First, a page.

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The 2016 Grand Prix motorcycle racing season will be the 68th F.I.M. Road Racing World Championship season.

Jorge Lorenzo will start the season as the defending World Champion, having secured his fifth overall Championship title at the 2015 Valencian Community Grand Prix.

List of planned races
The following Grands Prix are officially scheduled to take place in 2016.[1]
The provisional calendar for next year’s MotoGP™ World Championship has been released.
MotoGP’s provisional 2016 calendar is as follows:

Round Date Grand Prix Venue
1 20/03 Qatar Losail International Circuit
2 03/04 Argentina Termas de Río Hondo
3 10/04 Americas Circuit Of The Americas
4 24/04 Spain Jerez de la Frontera *
5 08/05 France Le Mans
6 22/05 Italy Mugello
7 05/06 Catalunya Circuit de Barcelona-Catalunya
8 26/06 Netherlands TT Assen
9 10/07 Germany Sachsenring
10 17/07 Great Britain Silverstone
11 14/08 Austria Red Bull Ring
12 21/08 Czech Republic Brno *
13 11/09 San Marino e della Riviera di Rimini Misano
14 25/09 Aragon MotorLand Aragon
15 09/10 Malaysia Sepang International Circuit
16 16/10 Japan Twin Ring Motegi
17 23/10 Australia Phillip Island
18 06/11 Valencia Comunitat Valenciana - Ricardo Tormo
* Subject to contract

Calendar changes
The 2016 season will see the return of the Austrian Grand Prix to the series' schedule after 19 years absence. The race will be held at the Red Bull Ring, which was the venue of the last Austrian Grand Prix, when the track was called A1 Ring.
Having been on the calendar since 2008, the Indianapolis round has been discontinued.
For the first time in the history of the Dutch TT, the races will be held on a Sunday.

Teams and Riders
Repsol Honda
Marc Marquez
Dani Pedrosa

Movistar Yamaha
Valentino Rossi
Jorge Lorenzo

Ducati Team
Andrea Dovizioso
Andrea Iannone

Aleix Espargaro
Maverick Vinales

Aprilia Gresini
Alvaro Bautista
Stefan Bradl
(Sam Lowes has Aprilia MotoGP deal for 2017 & 2018)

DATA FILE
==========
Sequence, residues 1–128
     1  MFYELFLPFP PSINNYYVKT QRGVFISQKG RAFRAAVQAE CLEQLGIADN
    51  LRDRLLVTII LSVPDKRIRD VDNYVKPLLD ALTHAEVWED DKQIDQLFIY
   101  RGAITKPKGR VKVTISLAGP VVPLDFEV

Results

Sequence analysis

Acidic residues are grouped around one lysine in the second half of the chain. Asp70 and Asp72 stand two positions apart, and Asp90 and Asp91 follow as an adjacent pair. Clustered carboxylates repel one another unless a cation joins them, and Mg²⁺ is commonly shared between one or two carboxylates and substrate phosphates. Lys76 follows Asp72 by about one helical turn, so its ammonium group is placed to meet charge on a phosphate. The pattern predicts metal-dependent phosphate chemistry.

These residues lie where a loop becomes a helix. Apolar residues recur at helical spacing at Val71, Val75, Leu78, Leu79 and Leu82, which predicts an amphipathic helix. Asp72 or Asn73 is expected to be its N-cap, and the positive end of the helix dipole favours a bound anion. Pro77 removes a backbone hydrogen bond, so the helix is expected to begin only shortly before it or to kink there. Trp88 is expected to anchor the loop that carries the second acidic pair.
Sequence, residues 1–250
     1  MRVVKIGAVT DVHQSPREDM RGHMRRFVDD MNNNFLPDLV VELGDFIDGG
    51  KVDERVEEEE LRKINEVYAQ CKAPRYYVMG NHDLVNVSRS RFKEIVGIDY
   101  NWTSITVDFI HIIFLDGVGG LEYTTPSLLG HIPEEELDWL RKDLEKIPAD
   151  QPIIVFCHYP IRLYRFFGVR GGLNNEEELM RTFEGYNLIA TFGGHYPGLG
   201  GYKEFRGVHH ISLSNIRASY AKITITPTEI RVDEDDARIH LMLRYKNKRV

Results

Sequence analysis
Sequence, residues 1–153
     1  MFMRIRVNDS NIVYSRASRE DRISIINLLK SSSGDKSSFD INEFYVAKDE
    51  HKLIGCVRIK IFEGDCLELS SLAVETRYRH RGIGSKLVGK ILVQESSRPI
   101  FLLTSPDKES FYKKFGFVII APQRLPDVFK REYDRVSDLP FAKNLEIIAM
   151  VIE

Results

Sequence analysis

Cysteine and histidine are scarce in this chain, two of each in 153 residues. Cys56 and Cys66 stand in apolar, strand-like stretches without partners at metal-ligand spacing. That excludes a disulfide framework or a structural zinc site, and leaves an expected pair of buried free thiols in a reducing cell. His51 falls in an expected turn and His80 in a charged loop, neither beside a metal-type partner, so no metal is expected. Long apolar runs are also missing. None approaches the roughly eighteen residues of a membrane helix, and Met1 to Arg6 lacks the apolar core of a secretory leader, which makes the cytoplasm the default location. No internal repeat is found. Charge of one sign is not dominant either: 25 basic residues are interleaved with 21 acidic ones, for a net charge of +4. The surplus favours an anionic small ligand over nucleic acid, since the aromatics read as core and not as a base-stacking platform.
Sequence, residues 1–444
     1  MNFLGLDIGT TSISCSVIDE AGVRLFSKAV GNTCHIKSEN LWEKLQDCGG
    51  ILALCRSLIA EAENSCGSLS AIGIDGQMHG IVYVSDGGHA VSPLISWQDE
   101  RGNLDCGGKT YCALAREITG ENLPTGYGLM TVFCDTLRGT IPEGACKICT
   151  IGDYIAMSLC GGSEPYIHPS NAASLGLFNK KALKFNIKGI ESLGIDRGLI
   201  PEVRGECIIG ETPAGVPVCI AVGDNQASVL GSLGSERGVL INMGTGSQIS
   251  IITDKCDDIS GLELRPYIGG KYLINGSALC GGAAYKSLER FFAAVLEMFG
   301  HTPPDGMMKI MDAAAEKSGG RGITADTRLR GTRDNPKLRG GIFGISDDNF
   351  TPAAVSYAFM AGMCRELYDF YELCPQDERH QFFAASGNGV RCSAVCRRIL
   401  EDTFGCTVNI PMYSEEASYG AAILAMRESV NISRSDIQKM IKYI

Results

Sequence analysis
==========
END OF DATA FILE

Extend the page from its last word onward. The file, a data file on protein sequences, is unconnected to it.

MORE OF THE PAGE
Monster Yamaha Tech 3
Pol Espargaro
Bradley Smith

Pramac Ducati
Danilo Petrucci
Scott Redding

LCR Honda
Cal Crutchlow

Marc VDS Honda
Tito Rabat
Jack Miller

Aspar Ducati
Yonny Hernadez
Eugene Laverty
Nicky Hayden is moving to WSBK with Ten Kate Honda

Avintia Ducati
Hector Barbera
Loris Baz

Forward Racing
Racing in Moto2, WSBK and WSS but not MotoGP next year.

AB Motoracing
Karel Abraham? (Future of team unclear, may switch to WSBK*)

Alex de Angelis? (de Angelis has two-year deal with Ioda, who are working to secure 2015 Aprilia RS-GP machinery for next year)

* Grid places could be taken over by teams seeking to join MotoGP. However KTM's arrival with a two-rider factory team in 2017 coincides with a new limit of 24 bikes, meaning some existing teams look set to disappear.

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Team changes
Marc VDS Racing will expand to enter a second bike.
After entering two bikes in 2015, Team LCR will downgrade to a single entry in 2016.
Aspar Racing Team will end their association with Honda and will return to Ducati whose bikes they used between 2010 and 2011.
Forward Racing team has confirmed it is set to leave the MotoGP grid at the end of the season 2015 after announcing a new partnership with MV Agusta in the World Superbike and World Supersport championships in 2016.
AB Motoracing will also leave MotoGP.

Rider changes
Tito Rabat, the 2014 Moto2 World Champion, will make his MotoGP début with Marc VDS Racing, the team he won the Moto2 title with.
Yonny Hernández did not have his contract with Pramac Racing renewed, and will move to Aspar Racing to replace Nicky Hayden, who will leave MotoGP for the World Superbike Championship
Loris Baz will move to Avintia Racing to replace Mike Di Meglio.
Stefan Bradl will stay on at Aprilia for 2016 before Sam Lowes moves up to MotoGP in 2017.
Scott Redding will leave Marc VDS Racing at the end of the 2015 season to join Pramac Racing. His place will be taken by Jack Miller.

Starting in 2016, Michelin will become the series' official tyre supplier following Bridgestone's withdrawal from the category. Dorna have also agreed a rule change to the 2016 regulations to increase the wheel size from 16.5 inches to 17 inches (similar to Moto2 and Moto3).
The previous Factory and Open classes will be merged: every bike must adopt the unified electronic package (ECU and software). Each rider will be able to use up to seven engines in a season, albeit with frozen specifications, and the maximum fuel tank capacity will be 22 litres. Factories without a dry win between 2013 and 2015 will still be allowed to use 12 engines with free development, but in case of a determined number of podiums or wins scored during 2016 the factory will lose these benefits for the next season. Similarly, any manufacturer not scoring a single podium in 2016 will gain those concessions in 2017.

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